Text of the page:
08 April 2018

Review: Sisterhood of the Squared Circle: The History and Rise of Women's Wrestling

Sisterhood of the Squared Circle: The History and Rise of Women's Wrestling Sisterhood of the Squared Circle: The History and Rise of Women's Wrestling by Pat Laprade
My rating: 4 of 5 stars

As a wrestling fan, the rising prominence of women's wrestling has been a welcome occurance, and this book lands at nearly the perfect time. A history of women's wrestling, mostly United States-based, this attempts to be as clear and direct about the personalities as possible.

The pros are how comprehensive the stories are about the important players, including people on the independent scene. The major con, however, is that the book is less about "the history and rise" of wrestling, but instead acts as a vehicle for capsule biographies of any important women involved. It becomes less a story about women's wrestling and more about "these are the people you should know from this era."

A better narrative makes this a five-star affair, but otherwise, a solid read.

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07 April 2018

Review: Her Mourning Portrait and Other Paranormal Oddities

Her Mourning Portrait and Other Paranormal Oddities Her Mourning Portrait and Other Paranormal Oddities by John Brhel
My rating: 0 of 5 stars

I'll come out and say it - at this point, I'm not sure I like sort of traditional horror storytellers as much as I've been enjoying the output of Brhel and Sullivan.

Her Mourning Portrait is a collection of short paranormal tales, but this time with a bit of an angle toward romance and relationships. The result is a lot of short and simple, yet compellingly sophisticated stories that have a tendency to stick with you well after you're done.

Favorites included "Side by Side," which involved a widower and his dead wife's first lover in a twist-filled romp, and a geocaching tale that kept me guessing even though I was positive I knew what was going on.

My first foray into Brhel and Sullivan was the quirky Mavelry collection, and the way they've grown as writers is evident as they spread their wings here. As always, I can't wait for what comes next.

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06 April 2018

Review: Animal Money

Animal Money Animal Money by Michael Cisco
My rating: 5 of 5 stars

This was a weird, weird book. And I loved it.

The conceit is that there is some version of the world where economists are also politicians, but also religious figures? Maybe? And there's a new form of money being proposed that is never completely explained in a coherent fashion, but involves animals, and since it threatens the order of the world in some way, there's of course competing interests and murder and mayhem.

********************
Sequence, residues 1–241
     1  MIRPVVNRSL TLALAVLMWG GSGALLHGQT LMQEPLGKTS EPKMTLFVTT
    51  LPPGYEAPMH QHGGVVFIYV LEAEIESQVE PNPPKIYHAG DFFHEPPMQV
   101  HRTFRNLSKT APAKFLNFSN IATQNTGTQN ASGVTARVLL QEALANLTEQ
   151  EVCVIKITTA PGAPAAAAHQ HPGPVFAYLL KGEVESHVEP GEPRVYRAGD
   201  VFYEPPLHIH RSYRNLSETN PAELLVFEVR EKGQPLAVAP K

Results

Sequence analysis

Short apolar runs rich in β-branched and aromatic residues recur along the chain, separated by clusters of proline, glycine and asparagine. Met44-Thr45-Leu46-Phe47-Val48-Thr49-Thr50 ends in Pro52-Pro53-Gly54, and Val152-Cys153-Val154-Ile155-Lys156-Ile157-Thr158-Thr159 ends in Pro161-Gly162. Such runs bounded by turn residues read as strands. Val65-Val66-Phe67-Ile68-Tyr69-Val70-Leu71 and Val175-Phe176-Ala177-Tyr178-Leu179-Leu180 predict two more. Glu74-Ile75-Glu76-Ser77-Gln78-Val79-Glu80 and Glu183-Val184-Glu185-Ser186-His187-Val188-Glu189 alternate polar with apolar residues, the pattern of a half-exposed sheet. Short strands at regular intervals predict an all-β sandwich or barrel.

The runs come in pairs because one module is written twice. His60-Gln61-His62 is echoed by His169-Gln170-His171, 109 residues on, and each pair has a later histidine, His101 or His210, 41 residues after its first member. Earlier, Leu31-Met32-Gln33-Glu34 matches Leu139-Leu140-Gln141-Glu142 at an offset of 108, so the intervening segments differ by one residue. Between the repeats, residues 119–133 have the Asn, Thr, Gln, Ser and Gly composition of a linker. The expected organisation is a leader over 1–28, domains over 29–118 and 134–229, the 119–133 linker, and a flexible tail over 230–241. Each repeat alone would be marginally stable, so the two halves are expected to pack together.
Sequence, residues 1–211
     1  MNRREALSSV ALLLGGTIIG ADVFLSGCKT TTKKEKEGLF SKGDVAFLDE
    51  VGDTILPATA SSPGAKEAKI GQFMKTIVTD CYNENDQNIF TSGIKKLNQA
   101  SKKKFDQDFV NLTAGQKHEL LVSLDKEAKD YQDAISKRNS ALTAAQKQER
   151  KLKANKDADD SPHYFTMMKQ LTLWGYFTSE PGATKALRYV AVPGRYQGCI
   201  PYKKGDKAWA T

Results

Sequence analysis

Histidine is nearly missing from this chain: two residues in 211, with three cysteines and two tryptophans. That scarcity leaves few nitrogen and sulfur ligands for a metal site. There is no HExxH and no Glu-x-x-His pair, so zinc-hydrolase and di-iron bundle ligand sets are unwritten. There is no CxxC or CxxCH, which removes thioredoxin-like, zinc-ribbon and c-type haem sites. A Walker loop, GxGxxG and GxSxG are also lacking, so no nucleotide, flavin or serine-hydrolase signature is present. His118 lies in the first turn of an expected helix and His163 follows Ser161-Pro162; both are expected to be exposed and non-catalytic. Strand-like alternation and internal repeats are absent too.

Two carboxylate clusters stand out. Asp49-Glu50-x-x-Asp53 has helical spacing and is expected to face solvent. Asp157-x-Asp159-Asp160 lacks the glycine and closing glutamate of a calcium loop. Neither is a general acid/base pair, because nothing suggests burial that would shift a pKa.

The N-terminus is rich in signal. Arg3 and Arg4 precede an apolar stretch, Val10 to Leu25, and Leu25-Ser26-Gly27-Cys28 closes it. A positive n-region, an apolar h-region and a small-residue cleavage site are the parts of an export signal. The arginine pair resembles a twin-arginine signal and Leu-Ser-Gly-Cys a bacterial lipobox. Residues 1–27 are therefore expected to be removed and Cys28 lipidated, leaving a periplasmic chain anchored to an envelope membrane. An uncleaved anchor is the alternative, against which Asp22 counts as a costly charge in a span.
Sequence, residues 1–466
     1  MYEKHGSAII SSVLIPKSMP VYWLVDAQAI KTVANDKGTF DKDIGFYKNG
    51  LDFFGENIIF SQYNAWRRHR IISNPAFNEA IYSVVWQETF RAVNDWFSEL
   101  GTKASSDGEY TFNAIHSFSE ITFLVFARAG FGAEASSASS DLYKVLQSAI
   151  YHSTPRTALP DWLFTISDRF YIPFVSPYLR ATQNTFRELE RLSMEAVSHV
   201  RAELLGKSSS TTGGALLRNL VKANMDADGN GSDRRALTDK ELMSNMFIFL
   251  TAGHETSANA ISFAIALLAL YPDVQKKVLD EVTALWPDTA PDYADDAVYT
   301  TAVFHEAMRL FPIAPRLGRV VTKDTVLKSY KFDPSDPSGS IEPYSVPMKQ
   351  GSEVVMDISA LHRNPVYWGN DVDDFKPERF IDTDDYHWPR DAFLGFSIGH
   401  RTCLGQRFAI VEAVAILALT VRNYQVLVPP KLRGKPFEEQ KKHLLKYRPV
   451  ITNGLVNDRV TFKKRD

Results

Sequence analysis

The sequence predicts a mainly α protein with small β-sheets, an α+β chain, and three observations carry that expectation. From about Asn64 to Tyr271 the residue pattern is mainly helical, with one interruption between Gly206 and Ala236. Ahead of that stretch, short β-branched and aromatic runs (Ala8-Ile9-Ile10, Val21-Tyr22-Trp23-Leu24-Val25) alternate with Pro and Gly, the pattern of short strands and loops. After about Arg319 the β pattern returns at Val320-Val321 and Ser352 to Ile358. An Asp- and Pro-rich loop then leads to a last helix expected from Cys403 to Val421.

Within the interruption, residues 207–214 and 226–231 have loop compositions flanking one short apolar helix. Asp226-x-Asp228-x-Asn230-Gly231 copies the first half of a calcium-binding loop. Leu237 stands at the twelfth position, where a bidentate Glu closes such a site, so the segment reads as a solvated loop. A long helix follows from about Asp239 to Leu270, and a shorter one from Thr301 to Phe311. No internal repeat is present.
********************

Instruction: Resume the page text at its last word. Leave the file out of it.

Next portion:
And since this isn't a traditional narrative by any measure, there are giant diversions into histories and short stories and meta references to this very book and its publication and at some point I just stopped thinking about it and enjoyed the ride.

It's pure chaos in a distilled, readable package. I've never read anything like it and likely won't ever again, and I wish I could.

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Review: Strange Weather

Strange Weather Strange Weather by Joe Hill
My rating: 5 of 5 stars

Yeah, this was real good. Four novellas, each pretty great in their own right.

* "Snapshot" is kind of classic weird horror, with a person who has a camera that seemingly steals memories. Hard for me to read for personal reasons in many regards, but really brilliantly done within an existing horror trope.

* "Aloft" a brilliant, strange story about a skydiver. I don't even want to say much about it except that the story was never what I thought it would be and that was great in and of itself.

* "Rain" was my personal favorite, regarding a killer change to precipitation that turns raindrops into sharp and deadly crystals. The sort of learned helpelessness that comes with a story like this was exactly what I was looking for.

* "Loaded" may be the weakest of the four, and not necessarily due to politics or plot, but just a more as a straightforward crime story that takes some interesting twists that don't always work in quite the same way. But if I was reading it on my own, it would still be a 4-star read in many regards; it's just a bit of a letdown in comparison to its three siblings surrounding it.

A solid collection, and a great reminder about how awesome Joe Hill is at what he does.

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Review: Semiosis

Semiosis Semiosis by Sue Burke
My rating: 3 of 5 stars

Closer to a 2.5.

I love a good first contact-ish type book, and this is somewhat adjacent in that way given the plot, which involves a shipwrecked crew forging a communicative bond with the wildlife on a foreign planet. The problem with the book? It feels like it has little in the way of heart and less in the way of a real significant plot. A lot of this felt needlessly abstract, and the result is a book that barely resonated with me and lacked that real base I was looking for.

Many might like this for those qualities, to be fair. This is less a failure of a book and more of a book failing to connect with me personally. But there are enough issues with the book in terms of construction and choices to know this was a miss in many ways.

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